Addressing oversight, Philly Orchestra to present work by women composers

The Philadelphia Orchestra will hold a workshop featuring the music of six women composers. 
Top row:  Eötvös, Hilary Purrington,  Xi Wang. Bottom row: Robin Holcomb, Chen-Hui Jen, and Nina C. Young. (Photo courtesy of the Philadelphia Orchestra)

The Philadelphia Orchestra will hold a workshop featuring the music of six women composers. Top row: Eötvös, Hilary Purrington, Xi Wang. Bottom row: Robin Holcomb, Chen-Hui Jen, and Nina C. Young. (Photo courtesy of the Philadelphia Orchestra)

Updated 11:21 a.m.

When the Philadelphia Orchestra announced its 2018-2019 season in the spring, many people noticed that there were no scheduled performances of pieces by women.

Vice president of artistic planning Jeremy Rothman called it an unintended oversight. Planning the season is a juggle of various representative criteria — including geography, racial background, time period, and gender.

“So it’s a little uneven year-to-year,” he said.

The orchestra added more concerts to the upcoming season to better represent women — Stacey Brown and Anna Clyne, both of whom had been on the orchestra’s short list for future seasons — and a day for the musicians to workshop a set of six newly written pieces by women, with the composers on hand for feedback.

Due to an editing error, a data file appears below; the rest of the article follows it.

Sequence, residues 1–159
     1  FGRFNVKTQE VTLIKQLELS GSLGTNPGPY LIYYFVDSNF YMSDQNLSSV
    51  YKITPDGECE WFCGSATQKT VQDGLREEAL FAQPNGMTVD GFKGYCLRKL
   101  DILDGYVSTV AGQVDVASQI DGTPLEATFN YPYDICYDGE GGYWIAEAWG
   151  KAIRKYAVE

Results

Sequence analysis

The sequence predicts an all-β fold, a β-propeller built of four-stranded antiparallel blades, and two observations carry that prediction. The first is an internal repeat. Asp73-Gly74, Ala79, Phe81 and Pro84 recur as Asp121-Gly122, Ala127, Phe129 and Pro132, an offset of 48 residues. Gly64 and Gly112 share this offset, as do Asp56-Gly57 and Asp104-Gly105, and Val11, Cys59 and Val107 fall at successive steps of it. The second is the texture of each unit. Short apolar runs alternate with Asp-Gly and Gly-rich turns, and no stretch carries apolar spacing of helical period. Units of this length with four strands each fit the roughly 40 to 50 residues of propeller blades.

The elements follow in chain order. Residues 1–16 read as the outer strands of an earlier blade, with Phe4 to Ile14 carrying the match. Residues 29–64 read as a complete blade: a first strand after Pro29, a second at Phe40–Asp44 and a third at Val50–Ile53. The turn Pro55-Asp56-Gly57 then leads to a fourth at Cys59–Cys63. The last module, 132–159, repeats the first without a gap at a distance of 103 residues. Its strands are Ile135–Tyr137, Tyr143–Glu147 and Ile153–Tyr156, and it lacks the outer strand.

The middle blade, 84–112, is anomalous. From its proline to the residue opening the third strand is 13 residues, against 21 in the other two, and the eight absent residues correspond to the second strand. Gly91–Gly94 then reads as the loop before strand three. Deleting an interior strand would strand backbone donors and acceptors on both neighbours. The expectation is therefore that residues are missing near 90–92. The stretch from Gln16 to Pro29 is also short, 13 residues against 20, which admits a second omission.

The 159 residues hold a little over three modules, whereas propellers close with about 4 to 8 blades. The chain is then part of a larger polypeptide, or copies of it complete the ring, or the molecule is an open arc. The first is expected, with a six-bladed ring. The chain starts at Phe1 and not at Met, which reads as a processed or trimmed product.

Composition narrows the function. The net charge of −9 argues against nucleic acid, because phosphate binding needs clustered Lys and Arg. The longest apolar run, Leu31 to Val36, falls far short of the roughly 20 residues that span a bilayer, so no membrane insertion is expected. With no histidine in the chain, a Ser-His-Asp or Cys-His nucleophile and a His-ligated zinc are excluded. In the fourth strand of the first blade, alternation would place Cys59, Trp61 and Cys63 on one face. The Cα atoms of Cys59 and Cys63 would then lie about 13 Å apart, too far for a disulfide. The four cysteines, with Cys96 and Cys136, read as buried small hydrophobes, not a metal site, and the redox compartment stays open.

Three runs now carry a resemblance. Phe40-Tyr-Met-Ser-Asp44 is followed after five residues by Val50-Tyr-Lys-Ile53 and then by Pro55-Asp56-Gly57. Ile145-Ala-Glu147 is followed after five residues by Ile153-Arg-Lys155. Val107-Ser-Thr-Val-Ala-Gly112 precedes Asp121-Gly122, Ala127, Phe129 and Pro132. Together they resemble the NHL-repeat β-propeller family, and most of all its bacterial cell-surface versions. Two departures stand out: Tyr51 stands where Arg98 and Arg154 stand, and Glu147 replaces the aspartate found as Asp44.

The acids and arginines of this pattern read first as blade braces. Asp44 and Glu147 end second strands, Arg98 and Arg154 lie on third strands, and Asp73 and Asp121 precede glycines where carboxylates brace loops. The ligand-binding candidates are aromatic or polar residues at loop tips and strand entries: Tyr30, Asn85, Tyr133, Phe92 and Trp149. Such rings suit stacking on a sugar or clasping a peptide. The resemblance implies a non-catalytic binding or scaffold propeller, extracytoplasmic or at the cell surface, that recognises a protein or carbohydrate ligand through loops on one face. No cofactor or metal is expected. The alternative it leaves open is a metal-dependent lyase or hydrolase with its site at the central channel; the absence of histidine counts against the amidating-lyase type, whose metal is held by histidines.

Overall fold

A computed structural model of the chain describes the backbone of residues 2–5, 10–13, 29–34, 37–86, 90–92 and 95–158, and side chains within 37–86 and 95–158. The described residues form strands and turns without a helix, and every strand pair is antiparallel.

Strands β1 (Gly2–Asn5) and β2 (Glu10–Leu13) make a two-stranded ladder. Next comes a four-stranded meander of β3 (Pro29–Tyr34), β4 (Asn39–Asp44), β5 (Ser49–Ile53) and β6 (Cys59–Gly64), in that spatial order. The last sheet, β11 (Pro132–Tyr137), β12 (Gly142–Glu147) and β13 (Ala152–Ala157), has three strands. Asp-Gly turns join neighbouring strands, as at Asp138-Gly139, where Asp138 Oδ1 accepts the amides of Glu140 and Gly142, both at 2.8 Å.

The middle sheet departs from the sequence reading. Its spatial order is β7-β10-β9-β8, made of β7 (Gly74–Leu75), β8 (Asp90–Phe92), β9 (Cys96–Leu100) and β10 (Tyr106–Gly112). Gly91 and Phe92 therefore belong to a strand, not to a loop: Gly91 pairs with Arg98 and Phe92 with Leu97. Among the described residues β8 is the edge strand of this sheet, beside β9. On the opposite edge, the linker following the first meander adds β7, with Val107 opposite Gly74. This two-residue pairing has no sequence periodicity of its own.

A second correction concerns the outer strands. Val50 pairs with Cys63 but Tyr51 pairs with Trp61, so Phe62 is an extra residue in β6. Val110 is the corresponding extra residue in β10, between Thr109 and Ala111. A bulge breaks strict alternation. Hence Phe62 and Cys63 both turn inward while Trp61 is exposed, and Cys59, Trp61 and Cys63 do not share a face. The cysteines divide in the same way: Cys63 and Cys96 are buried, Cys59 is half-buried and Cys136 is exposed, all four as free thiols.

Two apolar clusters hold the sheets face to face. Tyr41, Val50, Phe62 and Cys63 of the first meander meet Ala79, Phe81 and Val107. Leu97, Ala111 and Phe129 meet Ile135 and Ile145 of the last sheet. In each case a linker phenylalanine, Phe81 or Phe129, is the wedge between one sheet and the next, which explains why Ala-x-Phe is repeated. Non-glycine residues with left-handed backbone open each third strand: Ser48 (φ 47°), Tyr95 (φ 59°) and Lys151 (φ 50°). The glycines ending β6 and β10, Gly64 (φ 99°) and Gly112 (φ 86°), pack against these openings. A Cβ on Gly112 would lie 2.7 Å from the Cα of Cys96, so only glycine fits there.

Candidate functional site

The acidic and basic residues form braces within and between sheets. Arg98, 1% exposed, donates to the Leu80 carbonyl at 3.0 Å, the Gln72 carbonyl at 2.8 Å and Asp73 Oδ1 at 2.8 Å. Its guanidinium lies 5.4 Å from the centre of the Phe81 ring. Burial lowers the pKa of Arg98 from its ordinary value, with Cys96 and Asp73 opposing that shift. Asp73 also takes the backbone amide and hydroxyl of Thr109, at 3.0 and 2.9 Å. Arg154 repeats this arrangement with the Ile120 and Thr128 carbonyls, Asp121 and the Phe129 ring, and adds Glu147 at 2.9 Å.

“The fact that the oversight was flagged for the 2018-2019 season, it was something we addressed and are having that conversation,” said Rothman. “To the extent these readings sessions further that dialogue, we certainly welcome that.”

The reading session will be Sept. 6 – an open rehearsal of work by Melody Eötvös, Hilary Purrington, Chen-Hui Jen, Robin Holcomb, Xi Wang, and Nina C. Young. All of them had been commissioned by the American Composers Orchestra, which is partnering with the Philadelphia Orchestra on the reading sessions.

All six composers are new to the Fabulous Philadelphians, and the orchestra has never before played anything they have written. A limited audience of invited guests will be able to listen as they get to know each other.

“It’s a reading, a workshop, a laboratory; something where you can play the piece without the pressure of preparing for a performance,” said Rothman. “There’s an ability to have the space and dialogue to work on a piece for the sake of making a connection between a composer and the musicians.”

The audience will be able to witness that exchange. Behind the scenes, the composers will also be in roundtable meetings with the orchestra’s artistic team and mentor composers. A bit like a first date, composer and institution will see if they have a future together.

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